In 1873 began my experience with financial crisis. The one that followed the Civil War occurred before I was old enough to watch with understanding. As a New York workman in 1873, I first watched the the crisis and depression of what we now call the business cycle. It is a frightful thing to watch a period of unemployment, but it is infinitely more terrible to watch it when your friends and fellow-workmen are hungry and in dire need because denied the opportunity to earn a living

Economic organization crumbled under some primeval upheaval. Business enterprises faded over night. Financial power was paralyzed. Though materials and the mechanical means of production were at hand and men begged for a chance to work, factory doors remain closed. I knew what was in the minds of those men and what was happening in their homes for I was one of them. Physical hunger is a powerful agency for degeneration. The experience eats into the moral fiber of the man and his family. More than one of my fellow-workers was ground under by forces which were beyond his control. Unemployment is the great horror of a workman with family dependent upon him.

During the summer of that year we heard rumors of pending financial troubles. The goldbugs were getting a tight clutch on the gold supply -- and this is the cigar manufacturers gave as their reason for dismissing the workers and reducing wages. The crash came in September when the Jay Cooke Company and Fiske and Hatch announced failure. The scenes downtown were wild on that rainy day.

The Northern Pacific Railroal was tied up. The Erie went into the hands of a receiver and shook the foundation of our industrial fabric. Thousands in New York City were walking the streets in search of a job. As winter came on the misery grew to appalling proportions. Public officials made gestures which might have had a value for political purposes, but did not give food to the hungry or solve the rent problem for those facing eviction. But the workingmen of New York had to find the necessaries of living and the labor movement took up the problem of rent and food for those out of work . . . .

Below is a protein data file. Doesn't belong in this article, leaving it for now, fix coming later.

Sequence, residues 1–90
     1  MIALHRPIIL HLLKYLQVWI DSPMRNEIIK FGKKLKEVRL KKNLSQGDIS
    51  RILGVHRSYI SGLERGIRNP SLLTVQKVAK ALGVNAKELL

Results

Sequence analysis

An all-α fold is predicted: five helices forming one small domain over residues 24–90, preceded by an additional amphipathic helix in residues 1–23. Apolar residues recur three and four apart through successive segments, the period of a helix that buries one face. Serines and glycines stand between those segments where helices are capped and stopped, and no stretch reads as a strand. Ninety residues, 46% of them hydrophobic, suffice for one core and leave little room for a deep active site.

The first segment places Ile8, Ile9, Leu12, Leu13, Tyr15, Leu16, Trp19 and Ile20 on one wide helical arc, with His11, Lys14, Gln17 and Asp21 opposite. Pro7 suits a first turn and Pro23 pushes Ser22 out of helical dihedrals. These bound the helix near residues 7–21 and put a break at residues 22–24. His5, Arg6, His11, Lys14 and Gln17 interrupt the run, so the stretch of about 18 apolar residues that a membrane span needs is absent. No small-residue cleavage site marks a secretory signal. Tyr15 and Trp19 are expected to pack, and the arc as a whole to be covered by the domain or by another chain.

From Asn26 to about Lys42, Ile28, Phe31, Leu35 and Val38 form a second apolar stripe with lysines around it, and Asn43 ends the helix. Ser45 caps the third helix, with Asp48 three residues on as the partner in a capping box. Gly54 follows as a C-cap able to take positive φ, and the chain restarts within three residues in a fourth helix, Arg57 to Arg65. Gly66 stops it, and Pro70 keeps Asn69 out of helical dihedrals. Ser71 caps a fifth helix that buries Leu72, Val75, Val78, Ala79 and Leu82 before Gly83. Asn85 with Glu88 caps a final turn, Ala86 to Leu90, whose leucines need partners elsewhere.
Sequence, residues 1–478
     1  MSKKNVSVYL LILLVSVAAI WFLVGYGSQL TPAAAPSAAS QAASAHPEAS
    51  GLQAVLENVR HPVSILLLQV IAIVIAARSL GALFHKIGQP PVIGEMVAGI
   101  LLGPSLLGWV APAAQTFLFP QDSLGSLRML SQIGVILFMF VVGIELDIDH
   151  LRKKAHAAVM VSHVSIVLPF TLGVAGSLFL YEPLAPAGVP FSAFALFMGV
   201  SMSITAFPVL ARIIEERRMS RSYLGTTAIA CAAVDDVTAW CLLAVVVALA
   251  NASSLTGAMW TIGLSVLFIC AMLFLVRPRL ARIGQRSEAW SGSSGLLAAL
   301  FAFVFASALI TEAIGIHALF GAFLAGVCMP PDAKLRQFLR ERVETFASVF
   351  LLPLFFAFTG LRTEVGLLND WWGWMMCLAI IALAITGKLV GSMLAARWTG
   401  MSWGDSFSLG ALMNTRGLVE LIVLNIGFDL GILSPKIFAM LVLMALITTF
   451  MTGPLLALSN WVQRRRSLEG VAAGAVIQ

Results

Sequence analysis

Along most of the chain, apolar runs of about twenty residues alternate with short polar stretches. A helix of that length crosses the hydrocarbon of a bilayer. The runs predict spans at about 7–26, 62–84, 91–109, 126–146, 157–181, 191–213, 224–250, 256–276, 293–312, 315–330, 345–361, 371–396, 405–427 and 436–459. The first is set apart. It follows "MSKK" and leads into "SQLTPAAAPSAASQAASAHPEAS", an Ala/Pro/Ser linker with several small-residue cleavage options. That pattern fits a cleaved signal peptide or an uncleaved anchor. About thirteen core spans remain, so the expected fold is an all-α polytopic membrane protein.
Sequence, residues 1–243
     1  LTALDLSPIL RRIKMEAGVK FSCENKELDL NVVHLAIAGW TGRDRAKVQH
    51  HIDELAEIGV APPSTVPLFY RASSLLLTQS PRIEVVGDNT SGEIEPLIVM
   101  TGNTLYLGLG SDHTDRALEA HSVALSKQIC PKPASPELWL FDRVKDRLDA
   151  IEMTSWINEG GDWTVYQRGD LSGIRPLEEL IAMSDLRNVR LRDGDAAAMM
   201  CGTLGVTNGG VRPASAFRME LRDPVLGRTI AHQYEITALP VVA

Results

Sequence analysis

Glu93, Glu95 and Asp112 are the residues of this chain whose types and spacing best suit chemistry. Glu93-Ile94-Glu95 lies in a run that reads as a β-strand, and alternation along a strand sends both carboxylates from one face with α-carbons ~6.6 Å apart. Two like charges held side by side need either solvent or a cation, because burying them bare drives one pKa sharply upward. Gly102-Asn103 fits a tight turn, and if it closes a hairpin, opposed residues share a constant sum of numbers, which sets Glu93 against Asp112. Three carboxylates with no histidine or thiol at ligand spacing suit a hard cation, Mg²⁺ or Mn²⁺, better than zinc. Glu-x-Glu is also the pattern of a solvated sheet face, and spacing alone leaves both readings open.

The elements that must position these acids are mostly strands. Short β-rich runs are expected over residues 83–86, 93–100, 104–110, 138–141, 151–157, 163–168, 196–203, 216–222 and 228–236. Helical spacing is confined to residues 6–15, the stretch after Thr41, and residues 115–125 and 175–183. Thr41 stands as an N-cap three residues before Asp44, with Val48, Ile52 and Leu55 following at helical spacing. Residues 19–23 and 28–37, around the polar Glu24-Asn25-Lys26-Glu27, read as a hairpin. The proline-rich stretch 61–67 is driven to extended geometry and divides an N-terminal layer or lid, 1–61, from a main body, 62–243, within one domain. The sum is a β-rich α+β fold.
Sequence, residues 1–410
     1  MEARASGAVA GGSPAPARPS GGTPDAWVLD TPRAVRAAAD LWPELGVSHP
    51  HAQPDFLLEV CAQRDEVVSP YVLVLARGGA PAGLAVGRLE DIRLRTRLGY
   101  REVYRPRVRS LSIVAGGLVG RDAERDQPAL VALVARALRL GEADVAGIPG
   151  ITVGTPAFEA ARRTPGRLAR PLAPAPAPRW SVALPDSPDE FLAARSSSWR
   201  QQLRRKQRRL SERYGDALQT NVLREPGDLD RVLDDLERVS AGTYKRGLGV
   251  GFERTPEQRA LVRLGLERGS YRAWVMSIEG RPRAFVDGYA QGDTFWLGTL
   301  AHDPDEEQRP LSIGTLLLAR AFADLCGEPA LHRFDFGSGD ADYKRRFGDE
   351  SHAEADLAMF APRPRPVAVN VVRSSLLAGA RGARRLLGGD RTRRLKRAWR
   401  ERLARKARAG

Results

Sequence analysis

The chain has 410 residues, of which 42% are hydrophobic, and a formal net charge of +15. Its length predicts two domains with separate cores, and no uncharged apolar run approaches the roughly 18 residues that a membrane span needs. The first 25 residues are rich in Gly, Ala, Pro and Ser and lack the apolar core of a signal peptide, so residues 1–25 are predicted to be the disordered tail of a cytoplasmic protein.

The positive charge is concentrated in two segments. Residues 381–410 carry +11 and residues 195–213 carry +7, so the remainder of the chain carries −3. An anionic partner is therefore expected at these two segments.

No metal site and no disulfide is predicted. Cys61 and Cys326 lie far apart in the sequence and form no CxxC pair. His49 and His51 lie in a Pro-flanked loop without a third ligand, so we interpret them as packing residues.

Meanwhile the Tenth Ward according to the plan of the Arbeiter Zeitung had been divided into four sections, and men sent out to take the census of unemployment. The same plan was followed in other wards. The result gave a definite basis upon which to form a plan for relief. The following fundamentals were endorsed by ward meetings and were urged upon the public: (1) employment for the unemployed on public works; (2) maintenance or money for a least one week for the needy while out of work; (3) Mayor and Governor to prevent evictions of unemployed because of failure to pay rent. This was frankly an emergency program -- a prototype followed in practically every succeeding crisis . . . .

Christmas in New York was not festive that year. The whole city stirred uneasily under the burden heaped up by conscienceless speculators. Many street meetings followed to burn into the hearts of all-tragic demonstrations of human need. . . . The unemployed filled the city's streets and squares, and marched to conferences with Aldermen and Mayor at the City Hall. It was a folk-movement born of primitive need -- so compelling that even politicians dared not ignore. There is something about a marching folk-group that rouses dread. Those in authority did not rest comfortably. The press began hinting at the "Commune." [Next: The Tompkins Square Riot]
From Samuel Gompers, Seventy Years of Life and Labor


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